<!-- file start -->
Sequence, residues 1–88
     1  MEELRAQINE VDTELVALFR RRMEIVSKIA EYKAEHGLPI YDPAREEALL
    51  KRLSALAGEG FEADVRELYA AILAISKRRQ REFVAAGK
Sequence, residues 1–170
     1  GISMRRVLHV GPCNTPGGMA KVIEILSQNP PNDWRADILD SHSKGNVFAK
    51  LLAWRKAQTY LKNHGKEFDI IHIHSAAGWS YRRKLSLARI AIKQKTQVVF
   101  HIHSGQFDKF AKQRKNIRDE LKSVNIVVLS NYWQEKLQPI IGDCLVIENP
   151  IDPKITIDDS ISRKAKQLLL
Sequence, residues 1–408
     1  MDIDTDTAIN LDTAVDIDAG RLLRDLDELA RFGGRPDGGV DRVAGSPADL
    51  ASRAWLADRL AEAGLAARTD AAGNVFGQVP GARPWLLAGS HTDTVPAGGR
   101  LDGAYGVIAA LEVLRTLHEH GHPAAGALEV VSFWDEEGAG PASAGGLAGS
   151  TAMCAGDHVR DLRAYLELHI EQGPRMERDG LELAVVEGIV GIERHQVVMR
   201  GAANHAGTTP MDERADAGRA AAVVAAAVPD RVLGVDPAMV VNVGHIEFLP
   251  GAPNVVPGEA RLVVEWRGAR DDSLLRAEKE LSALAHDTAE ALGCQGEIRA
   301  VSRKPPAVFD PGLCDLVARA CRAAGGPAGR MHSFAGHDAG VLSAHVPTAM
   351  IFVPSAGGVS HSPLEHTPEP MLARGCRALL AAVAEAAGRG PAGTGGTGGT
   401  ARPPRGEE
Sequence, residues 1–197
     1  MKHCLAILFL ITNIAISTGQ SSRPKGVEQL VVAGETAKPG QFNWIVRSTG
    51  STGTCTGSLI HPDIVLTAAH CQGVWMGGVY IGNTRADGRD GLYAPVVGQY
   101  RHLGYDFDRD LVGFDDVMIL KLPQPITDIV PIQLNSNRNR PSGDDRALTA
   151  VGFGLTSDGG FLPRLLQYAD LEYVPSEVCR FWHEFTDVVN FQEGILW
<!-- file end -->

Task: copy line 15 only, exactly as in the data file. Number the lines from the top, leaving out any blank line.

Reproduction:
   251  GAPNVVPGEA RLVVEWRGAR DDSLLRAEKE LSALAHDTAE ALGCQGEIRA